You Play To Win The Game

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I love Herman Edwards. I love him not only because he played for Philly, but because he’s a no nonsense, straight up football guy. Herm’s classic rant “You Play To Win the Game” is worth repeating anyday, anytime. So here goes, from one of my earliest blogs way, way back when I first started blogging and launched Godandsports.net. 

Each and every journey begins with the first step.  And the first step toward championship living is the will to win.  Not ability, or skill or knowledge.  Just will.  A young man named Rudy dreamed of attending the University of Notre Dame and playing football for legendary coach Parseegian.  He wasn’t the biggest, he wasn’t the strongest or the fastest football player ever to suit up, but he had the one essential ingredient that lead to the fulfillment of his dream:  an iron will.  He went through disappointments, setbacks and slammed doors, but he willed his way to Notre Dame and onto the football field.  In fact, Rudy’s family came to see the last game of the only season he played, and witnessed him being carried off of the field in triumph. Rudy was the last Notre Dame Player to be carried off of the field.

James “Jimmy the Bulldog of Bergen” Braddock was called “Cinderella Man.”  He won the heavyweight boxing championship of the world by sheer will.  Braddock was a professional boxer who broke his hand in the ring and had to resort to working on the loading docks to earn a living.  When the stock market crashed he lost his life savings, so during The Great Depression, he fought outside of the ring for his children to have milk to drink and a warm bed to sleep in.  He fought to keep his family together after he went on public assistance and could not afford to pay to keep the lights on.  And yet after all he went through, he willed his way to defeat the heavily favored defending champion in 1934 not because he outwitted or out foxed his opponent, but because he would not be denied.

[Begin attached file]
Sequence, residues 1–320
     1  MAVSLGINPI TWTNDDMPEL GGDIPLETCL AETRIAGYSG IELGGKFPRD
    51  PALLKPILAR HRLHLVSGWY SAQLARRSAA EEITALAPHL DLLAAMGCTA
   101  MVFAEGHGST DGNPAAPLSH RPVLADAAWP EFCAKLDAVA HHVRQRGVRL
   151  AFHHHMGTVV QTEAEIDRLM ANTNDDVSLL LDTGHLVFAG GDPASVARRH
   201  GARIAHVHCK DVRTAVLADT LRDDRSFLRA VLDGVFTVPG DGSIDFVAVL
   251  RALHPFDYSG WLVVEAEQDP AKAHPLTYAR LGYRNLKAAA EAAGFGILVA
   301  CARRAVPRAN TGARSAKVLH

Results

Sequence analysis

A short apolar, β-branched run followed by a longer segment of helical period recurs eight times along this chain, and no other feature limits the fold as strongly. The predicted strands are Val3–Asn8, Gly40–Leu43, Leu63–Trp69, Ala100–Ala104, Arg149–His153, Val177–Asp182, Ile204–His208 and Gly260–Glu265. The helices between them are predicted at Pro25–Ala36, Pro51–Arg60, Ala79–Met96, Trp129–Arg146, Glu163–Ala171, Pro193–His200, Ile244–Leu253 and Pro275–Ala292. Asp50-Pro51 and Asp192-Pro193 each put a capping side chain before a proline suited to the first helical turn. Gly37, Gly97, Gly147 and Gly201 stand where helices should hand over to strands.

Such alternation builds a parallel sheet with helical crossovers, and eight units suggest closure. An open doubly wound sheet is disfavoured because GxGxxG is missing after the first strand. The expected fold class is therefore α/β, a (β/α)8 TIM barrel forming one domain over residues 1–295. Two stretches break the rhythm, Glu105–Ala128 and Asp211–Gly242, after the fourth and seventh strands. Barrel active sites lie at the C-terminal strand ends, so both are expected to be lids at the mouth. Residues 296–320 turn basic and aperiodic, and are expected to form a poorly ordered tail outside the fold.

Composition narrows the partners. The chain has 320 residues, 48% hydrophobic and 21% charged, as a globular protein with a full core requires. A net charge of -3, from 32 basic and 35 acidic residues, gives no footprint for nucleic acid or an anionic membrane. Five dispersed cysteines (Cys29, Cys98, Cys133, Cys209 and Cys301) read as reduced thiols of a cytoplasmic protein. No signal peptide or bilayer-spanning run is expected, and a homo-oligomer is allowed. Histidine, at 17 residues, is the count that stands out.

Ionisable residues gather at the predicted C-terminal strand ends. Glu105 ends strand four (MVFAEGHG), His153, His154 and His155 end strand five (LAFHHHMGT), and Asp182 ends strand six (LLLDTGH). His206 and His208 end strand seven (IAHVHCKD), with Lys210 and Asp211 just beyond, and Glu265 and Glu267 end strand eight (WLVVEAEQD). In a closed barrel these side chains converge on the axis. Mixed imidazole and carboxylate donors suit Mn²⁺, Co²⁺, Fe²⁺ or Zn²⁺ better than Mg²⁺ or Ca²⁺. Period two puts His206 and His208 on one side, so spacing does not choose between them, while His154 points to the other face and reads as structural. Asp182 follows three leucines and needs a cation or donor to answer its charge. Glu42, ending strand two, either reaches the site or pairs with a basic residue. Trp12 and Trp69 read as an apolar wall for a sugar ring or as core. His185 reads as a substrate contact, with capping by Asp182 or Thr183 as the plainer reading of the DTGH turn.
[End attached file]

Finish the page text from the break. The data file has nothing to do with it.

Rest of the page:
Athletes who lack the will to win loose before the game is even played.  Those who pay attention to the odds makers are not likely to overcome.  Christians who focus on the promises of God, and determine to believe in spite and despite the circumstances are the eventual champions.  Those who throw caution to the wind and ignore what the prognosticators say are the ones most likely to succeed.

Will is the intangible part of man that dictates the outcome of events.  David said, “I will bless the Lord at all times, his praise shall continually be in my mouth. (Psalm 34:1).  His praise was not contingent upon his circumstances or his condition or what others said.  He decided to praise God at all times.  In sunshine and rain, in sickness and pain, through heartache and heartbreak, David decided to bless the Lord.  2 Corinthians 8:12 says, “For if there first be a willing mind, it is accepted according to what a man hath, and not what he hath not”.  Meaning, if there is a readiness, willingness, God can use what little you have, and it will be more than enough.  God wants our will, then our bodies.  But if our will is not present our bodies will just go through the motions.  Our will is to do His will, and he will perfect that which concerns us.

Consecrate me now to Thy service Lord, by the power of grace Divine,

Let my soul look up with a steadfast hope, and my will be lost in Thine.


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